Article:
NEW YORK — No group of voters has been more loyal to Hillary Clinton in the Democratic presidential primary than black voters.

Yet she and her husband, former president Bill Clinton, spent an entire day courting black voters in half a dozen New York churches and at a campaign event in Baltimore.

Why? The effort comes after a week in which the long relationship between African American voters and the Clintons needed some reinforcement.

"This is a historic day," Rep. Charles B. Rangel (D-N.Y.) said as he introduced Bill Clinton at Antioch Baptist Church in Harlem on Sunday morning. "What makes it so important is that we have a chance to thank the Clinton family."

It was a reminder that perhaps seemed necessary after last week, when a group of Black Lives Matter protesters once again raised an old and thorny issue that has dogged the Clintons in this campaign: their support for a 1994 crime bill. The protesters took issue with then-first lady Hillary Clinton's use of the term "super predators," which critics now see as coded racial language targeted primarily at black urban youth who had been caught up in drugs and violence.

Fast-forward about 20 years, and Hillary Clinton has expressed regret for using the term, but Bill Clinton last week defended the crime bill and objected to protesters criticizing his wife for using a term that at the time targeted drug dealers and killers.

The episode launched a thousand reprises of the debate over whether the Clintons were truly contrite about the unintended consequences of the crime bill, which some blame for codifying a culture of mass incarceration that has decimated African American families.

So the former president made his pilgrimage to three black churches, pillars of the black community in Harlem, on Sunday morning.

Rangel reminded the congregation that Hillary Clinton pressed her husband during his presidency to include Harlem as an economic empowerment zone so it could receive economic development funding. And that Bill Clinton, after finishing his presidency, chose the neighborhood to house his presidential foundation's office.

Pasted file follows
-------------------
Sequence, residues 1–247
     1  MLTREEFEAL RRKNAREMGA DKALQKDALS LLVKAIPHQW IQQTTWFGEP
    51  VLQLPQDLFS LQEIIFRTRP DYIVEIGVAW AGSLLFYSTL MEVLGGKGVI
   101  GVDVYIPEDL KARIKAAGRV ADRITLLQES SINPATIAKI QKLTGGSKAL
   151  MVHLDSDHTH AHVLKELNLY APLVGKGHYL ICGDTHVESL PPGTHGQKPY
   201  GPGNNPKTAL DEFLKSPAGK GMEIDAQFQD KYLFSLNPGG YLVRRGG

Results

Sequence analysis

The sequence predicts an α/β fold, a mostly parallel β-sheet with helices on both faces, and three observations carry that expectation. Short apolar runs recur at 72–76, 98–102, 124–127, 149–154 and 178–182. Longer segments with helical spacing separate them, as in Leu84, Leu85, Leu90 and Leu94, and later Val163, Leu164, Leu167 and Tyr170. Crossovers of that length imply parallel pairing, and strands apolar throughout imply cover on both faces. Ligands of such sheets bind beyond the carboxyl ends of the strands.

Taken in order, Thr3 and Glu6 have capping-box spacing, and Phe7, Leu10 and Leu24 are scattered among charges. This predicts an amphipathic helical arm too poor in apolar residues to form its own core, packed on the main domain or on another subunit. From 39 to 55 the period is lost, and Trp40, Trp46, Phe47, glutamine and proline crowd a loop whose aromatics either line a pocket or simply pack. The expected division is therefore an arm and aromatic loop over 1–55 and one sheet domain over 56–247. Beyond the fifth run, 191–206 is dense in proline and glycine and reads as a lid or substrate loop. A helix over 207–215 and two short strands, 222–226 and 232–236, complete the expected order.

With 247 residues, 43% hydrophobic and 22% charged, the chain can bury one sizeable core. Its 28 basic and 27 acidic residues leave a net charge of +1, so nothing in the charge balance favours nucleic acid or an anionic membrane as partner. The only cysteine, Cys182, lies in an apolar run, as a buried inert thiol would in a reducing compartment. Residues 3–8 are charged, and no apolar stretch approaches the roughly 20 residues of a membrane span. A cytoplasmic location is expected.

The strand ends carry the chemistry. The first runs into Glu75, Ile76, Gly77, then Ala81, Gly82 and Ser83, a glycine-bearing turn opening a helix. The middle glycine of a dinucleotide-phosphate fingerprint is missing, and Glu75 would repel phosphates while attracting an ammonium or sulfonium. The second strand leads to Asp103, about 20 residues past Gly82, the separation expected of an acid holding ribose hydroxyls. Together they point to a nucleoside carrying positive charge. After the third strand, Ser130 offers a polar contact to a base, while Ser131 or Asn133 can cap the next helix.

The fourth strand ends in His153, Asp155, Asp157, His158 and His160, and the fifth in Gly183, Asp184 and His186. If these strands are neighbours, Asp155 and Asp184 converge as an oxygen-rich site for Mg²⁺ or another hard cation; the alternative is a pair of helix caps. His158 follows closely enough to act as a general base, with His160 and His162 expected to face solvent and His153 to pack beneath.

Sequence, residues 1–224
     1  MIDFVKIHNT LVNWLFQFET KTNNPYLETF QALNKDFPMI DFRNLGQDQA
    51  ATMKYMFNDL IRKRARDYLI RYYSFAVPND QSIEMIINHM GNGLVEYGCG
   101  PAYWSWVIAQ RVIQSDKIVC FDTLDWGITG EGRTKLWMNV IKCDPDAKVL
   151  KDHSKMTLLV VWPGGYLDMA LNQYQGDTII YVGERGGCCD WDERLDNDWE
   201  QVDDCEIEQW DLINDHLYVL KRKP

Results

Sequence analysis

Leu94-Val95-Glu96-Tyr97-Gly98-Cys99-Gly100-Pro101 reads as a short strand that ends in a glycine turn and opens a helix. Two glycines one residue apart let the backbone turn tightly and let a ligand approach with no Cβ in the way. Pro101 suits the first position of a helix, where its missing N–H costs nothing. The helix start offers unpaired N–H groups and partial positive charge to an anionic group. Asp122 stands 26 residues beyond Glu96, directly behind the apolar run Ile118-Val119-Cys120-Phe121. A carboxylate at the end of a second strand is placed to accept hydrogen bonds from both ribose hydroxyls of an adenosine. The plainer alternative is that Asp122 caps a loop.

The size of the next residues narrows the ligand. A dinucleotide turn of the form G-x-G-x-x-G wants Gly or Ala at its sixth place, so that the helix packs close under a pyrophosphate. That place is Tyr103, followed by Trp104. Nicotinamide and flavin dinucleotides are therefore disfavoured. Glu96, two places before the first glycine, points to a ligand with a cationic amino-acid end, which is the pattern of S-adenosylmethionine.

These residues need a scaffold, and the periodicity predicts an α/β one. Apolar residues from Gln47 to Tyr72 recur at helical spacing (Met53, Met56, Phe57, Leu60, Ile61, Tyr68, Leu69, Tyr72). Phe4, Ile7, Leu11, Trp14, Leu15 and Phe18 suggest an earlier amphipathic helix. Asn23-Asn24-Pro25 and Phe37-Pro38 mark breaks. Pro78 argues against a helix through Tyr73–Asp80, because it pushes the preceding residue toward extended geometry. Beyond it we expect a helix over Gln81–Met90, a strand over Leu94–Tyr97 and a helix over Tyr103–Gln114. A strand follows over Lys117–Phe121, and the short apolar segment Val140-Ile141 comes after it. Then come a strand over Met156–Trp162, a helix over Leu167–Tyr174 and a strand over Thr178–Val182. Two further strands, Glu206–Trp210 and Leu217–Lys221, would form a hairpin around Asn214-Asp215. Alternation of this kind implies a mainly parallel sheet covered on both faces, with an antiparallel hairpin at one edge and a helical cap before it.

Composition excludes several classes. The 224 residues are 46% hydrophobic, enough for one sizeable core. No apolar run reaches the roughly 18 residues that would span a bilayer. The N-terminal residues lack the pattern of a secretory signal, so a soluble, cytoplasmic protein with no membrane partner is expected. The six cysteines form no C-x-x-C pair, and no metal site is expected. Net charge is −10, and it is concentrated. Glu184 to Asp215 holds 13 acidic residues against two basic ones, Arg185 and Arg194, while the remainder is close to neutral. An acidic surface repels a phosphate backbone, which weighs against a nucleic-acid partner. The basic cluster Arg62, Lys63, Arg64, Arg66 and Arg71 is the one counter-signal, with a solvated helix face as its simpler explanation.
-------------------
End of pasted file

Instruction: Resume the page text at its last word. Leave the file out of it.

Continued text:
But Bill Clinton was also in Harlem to express a little more contrition that seemed to be lacking in his fiery defense of the crime bill in Philadelphia last week.

"Not all our problems are economic. We need police reform. ... One of the things Charlie Rangel helped me to get was more police on the street who looked like the people they police," Clinton told the congregation at Abyssinian Baptist Church. "We need prison reform. We overdid it and put too many young, nonviolent offenders in jail for too long."

Across town, Hillary Clinton also spent the morning -- as she often does -- in black churches in New York City. She defended President Obama's legacy and recounted how he asked her to serve in his administration.

She also addressed criminal justice reform.

“We need to end the era of mass incarceration and make sure we divert people from going into prison in the first place" and help people coming out of prison as well, Clinton said at New Greater Bethel Ministries in Queens.

For Clinton, the timing of these church visits happened to be just right, but black churches are like a second home to the former first family. The Clintons are regularly greeted with a hero's welcome in them, and they have become regular guests over the years. ("This is a woman that I have faith in. … This is not her first time in this place," said the Rev. Floyd Flake of Greater Allen AME Cathedral of New York in Queens.)

Speaking to a spirited audience in Baltimore later in the day, Clinton accepted the endorsement of Rep. Elijah E. Cummings (D-Md.) and emphasized her proposals to boost economic development in predominantly African American communities in Baltimore and elsewhere.

On Sunday alone, the Clintons were backed by Rangel, Rep. Gregory W. Meeks (D-N.Y.) and, later, by Cummings -- all of them black lawmakers and community leaders who have regularly helped both Clintons among black voters nationwide.

"One of the things that meant so much to me, Madam Secretary, is one of the first speeches that you made when you were about to launch your campaign to make sure that every single citizen has an unimpeded right to vote and have their vote counted," said Cummings, a native son of Baltimore. "So that's Hillary's road, the road that will lead our nation forward. The road that will bring us much closer to a more perfect union.

"I'm following that road, and I'm following it with Hillary Clinton," he added.

Later in the day, Clinton took time off of the trail to attend a fundraiser at the home of Va. Governor Terry McAuliffe, with entertainment by Carole King.